County’s jobless rate fallsPublished 1:59pm Friday, December 20, 2013
Alabama’s unemployment rate has dropped to a five-year low of 6.2 percent, according to figures released Friday by the Alabama Department of Labor.
The state’s jobless rate dropped from 6.4 percent in October.
The 6.2 percent rate matches a five-year low that was also achieved in July and August.
Labor Commissioner Tom Surtees said seasonal retail hiring helped lower the unemployment rate.
“This traditionally happens during the months of November and December as employers prepare for the Christmas shopping rush,” he said.
All 67 counties in the state saw a drop in unemployment during the month of November.
Butler County saw its jobless rate drop from 9 percent in October to 8.1 percent in November.
“I’m excited,” Greenville Mayor Dexter McLendon said. “You just don’t normally see a drop that big. I’m sure some of it has to do with businesses hiring employees for Christmas, but I’m just excited about these numbers. This is good news.”
The 8.1 percent rate is 1.5 percent lower than it was in November of 2012.
The drop continues a positive trend for the county.
Butler County’s 9 percent jobless rate in October was down from 9.3 percent in September, and 10.4 percent in October of last year.
“The long-term trend in Alabama’s unemployment rate is encouraging news for Alabamians who want a job,” Gov. Robert Bentley said. “Every Alabama county has a decrease in their unemployment rate for November, and that is a sign that Alabamians are getting back to work in both rural and urban areas of Alabama. There is still much work left to be done, however, until Alabama reaches full employment, and our efforts to recruit more jobs will continue.”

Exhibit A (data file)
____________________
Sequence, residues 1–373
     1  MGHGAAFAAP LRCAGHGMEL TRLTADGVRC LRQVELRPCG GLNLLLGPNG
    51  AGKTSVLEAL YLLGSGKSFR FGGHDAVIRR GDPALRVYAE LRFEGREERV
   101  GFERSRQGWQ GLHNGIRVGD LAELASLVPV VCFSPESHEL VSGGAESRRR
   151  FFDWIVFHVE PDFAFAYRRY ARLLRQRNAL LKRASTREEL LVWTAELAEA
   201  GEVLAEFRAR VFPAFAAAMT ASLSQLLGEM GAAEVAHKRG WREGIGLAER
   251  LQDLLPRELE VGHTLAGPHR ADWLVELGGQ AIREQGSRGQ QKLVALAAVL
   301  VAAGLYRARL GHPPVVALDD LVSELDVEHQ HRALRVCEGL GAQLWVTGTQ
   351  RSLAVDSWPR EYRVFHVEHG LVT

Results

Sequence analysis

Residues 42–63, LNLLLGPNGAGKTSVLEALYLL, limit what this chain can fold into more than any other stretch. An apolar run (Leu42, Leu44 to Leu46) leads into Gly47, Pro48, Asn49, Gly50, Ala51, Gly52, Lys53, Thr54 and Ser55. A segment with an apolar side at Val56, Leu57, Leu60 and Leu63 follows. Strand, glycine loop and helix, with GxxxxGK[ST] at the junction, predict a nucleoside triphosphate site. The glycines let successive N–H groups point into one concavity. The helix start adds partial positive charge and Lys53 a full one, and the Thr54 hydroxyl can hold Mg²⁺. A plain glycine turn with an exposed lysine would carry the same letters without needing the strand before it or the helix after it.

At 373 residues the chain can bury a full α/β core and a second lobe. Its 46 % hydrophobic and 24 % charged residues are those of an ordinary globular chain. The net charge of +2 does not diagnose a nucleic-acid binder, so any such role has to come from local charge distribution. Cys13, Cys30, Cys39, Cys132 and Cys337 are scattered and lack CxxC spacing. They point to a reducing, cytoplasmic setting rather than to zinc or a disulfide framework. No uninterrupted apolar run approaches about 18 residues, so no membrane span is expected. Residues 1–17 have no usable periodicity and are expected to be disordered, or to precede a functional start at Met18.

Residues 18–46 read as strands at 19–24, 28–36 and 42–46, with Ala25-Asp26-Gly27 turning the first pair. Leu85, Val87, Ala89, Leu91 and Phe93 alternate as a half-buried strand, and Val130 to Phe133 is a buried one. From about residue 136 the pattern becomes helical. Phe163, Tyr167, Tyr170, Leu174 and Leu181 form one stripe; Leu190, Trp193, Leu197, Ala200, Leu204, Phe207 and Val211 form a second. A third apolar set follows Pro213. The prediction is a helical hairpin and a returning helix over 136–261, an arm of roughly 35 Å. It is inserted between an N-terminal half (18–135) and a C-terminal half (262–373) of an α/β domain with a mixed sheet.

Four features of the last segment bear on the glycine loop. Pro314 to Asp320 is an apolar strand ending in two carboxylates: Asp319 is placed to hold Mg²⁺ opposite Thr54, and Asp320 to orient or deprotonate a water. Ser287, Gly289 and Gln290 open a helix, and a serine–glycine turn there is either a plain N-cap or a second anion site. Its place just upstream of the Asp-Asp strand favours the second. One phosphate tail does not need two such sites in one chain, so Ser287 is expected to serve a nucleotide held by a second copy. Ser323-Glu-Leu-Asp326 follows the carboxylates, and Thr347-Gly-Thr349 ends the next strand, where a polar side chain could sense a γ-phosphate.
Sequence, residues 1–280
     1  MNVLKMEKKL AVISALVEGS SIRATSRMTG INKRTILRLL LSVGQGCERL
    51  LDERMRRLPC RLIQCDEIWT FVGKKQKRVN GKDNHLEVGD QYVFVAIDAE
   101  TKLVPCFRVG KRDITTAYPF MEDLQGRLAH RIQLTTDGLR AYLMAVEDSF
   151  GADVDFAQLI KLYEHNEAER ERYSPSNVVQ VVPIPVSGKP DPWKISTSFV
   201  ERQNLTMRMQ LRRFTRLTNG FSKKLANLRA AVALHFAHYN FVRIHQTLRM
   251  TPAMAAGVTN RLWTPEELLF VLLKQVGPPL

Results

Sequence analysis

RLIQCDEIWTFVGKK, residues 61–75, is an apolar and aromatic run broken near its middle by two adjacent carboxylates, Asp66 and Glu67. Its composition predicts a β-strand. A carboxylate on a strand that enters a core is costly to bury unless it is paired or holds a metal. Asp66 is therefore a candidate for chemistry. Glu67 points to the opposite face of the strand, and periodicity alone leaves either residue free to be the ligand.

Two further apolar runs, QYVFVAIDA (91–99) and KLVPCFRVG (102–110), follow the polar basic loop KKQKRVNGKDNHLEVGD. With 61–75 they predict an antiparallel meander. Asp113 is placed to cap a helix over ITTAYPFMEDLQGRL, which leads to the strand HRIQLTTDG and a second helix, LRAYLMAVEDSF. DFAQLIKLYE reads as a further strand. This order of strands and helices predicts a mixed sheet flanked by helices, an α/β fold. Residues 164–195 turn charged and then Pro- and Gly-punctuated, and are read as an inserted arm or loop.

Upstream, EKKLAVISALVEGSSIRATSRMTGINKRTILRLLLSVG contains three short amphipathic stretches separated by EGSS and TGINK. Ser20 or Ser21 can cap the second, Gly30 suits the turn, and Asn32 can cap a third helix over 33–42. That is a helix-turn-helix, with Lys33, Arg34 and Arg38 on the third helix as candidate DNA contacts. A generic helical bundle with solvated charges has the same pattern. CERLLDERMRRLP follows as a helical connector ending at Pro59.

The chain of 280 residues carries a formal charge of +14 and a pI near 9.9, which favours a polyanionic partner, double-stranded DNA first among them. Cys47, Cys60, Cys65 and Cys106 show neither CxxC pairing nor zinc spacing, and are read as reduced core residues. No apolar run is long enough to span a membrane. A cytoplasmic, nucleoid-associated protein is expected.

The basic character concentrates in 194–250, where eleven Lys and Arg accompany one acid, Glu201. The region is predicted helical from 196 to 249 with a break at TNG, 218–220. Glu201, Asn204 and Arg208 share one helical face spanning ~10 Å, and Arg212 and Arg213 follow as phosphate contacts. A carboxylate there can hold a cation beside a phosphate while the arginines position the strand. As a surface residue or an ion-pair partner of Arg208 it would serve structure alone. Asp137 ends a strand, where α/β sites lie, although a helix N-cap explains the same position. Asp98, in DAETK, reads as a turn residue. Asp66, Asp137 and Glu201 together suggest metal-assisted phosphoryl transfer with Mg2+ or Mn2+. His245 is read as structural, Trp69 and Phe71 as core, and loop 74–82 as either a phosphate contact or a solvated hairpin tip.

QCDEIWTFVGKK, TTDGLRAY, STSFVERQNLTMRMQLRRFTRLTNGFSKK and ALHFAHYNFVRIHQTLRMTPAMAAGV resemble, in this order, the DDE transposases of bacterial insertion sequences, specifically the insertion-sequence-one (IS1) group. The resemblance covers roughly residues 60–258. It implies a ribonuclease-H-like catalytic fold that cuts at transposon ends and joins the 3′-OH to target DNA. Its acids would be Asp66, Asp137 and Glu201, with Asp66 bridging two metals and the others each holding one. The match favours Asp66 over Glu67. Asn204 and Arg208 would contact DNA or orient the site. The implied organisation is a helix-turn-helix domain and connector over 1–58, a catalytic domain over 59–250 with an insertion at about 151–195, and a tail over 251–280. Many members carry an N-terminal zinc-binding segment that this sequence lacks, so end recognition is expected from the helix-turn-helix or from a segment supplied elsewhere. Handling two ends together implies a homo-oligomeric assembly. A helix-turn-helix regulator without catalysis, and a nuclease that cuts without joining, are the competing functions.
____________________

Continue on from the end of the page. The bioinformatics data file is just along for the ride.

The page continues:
According to Surtees, the jobless rates for Alabama’s counties may best illustrate the jobs picture in the state.
“The decline in the county unemployment rates, which range from at least a half a percentage point to nearly two, may present a clearer picture of what is actually going on throughout Alabama as the county data are not seasonally adjusted,” said Surtees.
“Seasonal adjustment” refers to Bureau of Labor Statistics’ practice of anticipating certain trends in the labor force, such as hiring during the holidays or the surge in the labor force when students graduate in the spring, and predicting their effects of the unemployment rate. The not seasonally adjusted data show the number of people working in a county, with no seasonal factors imposed.
Counties with the lowest unemployment rates were: Shelby County at 3.6 percent, Lee County at 4.5 percent, and Cullman, St. Clair, and Cherokee Counties at 4.7 percent.
Counties with the highest unemployment rates were: Wilcox County at 13.9 percent, Bullock County at 11.9 percent, and Perry and Dallas Counties at 11.1 percent.